Books have been written on how to write, how to write well, and how not to write. Beside the actual text that you are writing (e.g. the story), there are few general rules when writing LaTeX that can save headaches later. Here there are some general tips. Refer to some proper style manuals for more details.

Split in chapters/sections/logical units

Don’t write in a single, giant, file. Make use of \input{filename} for all your chapters, at least.

Split lines

Just because modern editors wrap text around the end of the screen, it doesn’t mean you should have 1000 characters lines! Take the habit of adding a “newline” every time you have a dot in your sentence. And use an empty line (or more) to separate paragraphs. If you want later to join paragraphs, use a % in the empty line: you would still see the 2 paragraphs in the source, but they will be rendered as a single one.

Use labels

Start to give meaningful labels to all sections of your document. Something like \label{cha:background} after your \chapter{Background} would help later. For sections, you can add a reference to the chapter they belong (e.g. \label{sec:background:ethernet}). The same is for figures, tables, and every other element that you would “cite”.

If you upgrade the \ref to \Cref, you will get automatically Figure 1.1 instead of manually typing “Figure”. This is provided by the package cleverref.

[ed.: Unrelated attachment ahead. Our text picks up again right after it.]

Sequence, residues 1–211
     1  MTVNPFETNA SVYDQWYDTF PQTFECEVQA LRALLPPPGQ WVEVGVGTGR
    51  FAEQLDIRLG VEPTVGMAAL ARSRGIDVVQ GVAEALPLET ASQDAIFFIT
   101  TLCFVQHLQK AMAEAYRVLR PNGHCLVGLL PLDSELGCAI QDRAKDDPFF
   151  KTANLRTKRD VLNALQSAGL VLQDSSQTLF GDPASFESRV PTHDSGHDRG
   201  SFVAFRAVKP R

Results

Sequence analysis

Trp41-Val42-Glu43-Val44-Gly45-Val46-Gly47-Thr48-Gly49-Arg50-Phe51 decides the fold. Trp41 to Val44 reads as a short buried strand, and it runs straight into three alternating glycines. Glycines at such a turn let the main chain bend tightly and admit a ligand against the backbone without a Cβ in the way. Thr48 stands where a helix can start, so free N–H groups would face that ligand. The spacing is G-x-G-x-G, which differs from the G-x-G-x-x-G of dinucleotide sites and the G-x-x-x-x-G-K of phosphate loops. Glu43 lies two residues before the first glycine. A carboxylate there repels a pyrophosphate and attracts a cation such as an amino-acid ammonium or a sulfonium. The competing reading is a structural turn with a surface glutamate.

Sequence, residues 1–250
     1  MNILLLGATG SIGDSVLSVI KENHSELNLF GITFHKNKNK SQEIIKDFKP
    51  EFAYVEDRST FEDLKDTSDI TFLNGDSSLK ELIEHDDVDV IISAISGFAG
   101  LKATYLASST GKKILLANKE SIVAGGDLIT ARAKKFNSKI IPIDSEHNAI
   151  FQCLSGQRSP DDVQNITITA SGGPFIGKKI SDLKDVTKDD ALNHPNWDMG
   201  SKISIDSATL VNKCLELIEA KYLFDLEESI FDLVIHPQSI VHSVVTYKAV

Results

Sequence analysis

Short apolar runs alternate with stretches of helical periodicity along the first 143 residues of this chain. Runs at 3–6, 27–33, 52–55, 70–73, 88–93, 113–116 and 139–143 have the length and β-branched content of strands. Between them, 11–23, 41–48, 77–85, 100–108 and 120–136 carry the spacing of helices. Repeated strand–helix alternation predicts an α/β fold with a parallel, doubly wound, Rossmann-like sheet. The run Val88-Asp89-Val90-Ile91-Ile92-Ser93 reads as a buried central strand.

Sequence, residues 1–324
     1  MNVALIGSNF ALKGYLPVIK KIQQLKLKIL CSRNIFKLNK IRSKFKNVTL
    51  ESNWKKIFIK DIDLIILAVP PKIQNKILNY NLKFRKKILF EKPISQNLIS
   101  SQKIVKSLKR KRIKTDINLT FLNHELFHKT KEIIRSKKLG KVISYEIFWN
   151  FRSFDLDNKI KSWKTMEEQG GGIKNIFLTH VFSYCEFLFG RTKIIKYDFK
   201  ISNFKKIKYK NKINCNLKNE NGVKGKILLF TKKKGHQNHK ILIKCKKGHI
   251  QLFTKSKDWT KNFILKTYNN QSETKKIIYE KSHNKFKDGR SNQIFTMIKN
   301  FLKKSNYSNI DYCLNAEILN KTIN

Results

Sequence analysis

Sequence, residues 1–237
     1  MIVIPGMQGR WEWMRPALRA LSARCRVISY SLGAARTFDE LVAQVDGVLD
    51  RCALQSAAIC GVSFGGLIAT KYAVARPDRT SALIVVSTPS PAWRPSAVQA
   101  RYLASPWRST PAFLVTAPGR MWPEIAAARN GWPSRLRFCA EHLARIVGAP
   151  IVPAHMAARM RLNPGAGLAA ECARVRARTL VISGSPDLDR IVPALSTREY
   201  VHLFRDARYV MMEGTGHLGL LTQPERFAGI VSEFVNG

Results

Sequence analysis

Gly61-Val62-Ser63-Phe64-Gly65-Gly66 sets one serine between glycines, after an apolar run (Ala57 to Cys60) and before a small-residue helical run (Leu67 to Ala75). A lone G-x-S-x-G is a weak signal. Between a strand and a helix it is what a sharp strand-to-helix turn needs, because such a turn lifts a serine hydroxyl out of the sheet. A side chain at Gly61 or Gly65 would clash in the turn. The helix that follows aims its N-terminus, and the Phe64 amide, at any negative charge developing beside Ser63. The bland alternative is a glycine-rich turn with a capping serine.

Get in the habit to use a non-breakable space ~ beside the last word in a sentence. This would prevent the citation to get alone on a new line. So write in this work~\cite{the_work}..


There are contrasting opinions on where to put footnotes signs. I like the “after punctuation, if any” rule, and no space. So you would write something like:

A PCIe 4.0 x16 slot supports up to 200 Gbps of bandwidth,\footnote{However, when considering ...} while on a PCIe 5.0\footnote{Which is what you can buy today}...

This would be rendered to something like

A PCIe 4.0 x16 slot supports up to 200 Gbps of bandwidth,¹ while on a PCIe 5.0² ...

But what if you have both citations and footnotes in the same sentence? What order to use? I don’t have an answer, I would rewrite the sentence to avoid the dilemma :/.

Please look around and find the style you like the most. But be consistent! You can probably design a complex regex to verify in your files that you used the same order everywhere, or simply ctrl-f for \footnote.


Using numbers can be problematic when numbers are used also for references. This would make your footnotes to use symbols instead:


Units, SI prefixes, and numbers

Depending on your level of pedanticism you may want to have all numbers correctly formatted. This can be done with the siunitx package. So every number would become something like \qty{100}{\giga\bps}. You may have to define your units, but this ensure an higher consistency level! Also ranges can be correctly written with the above package.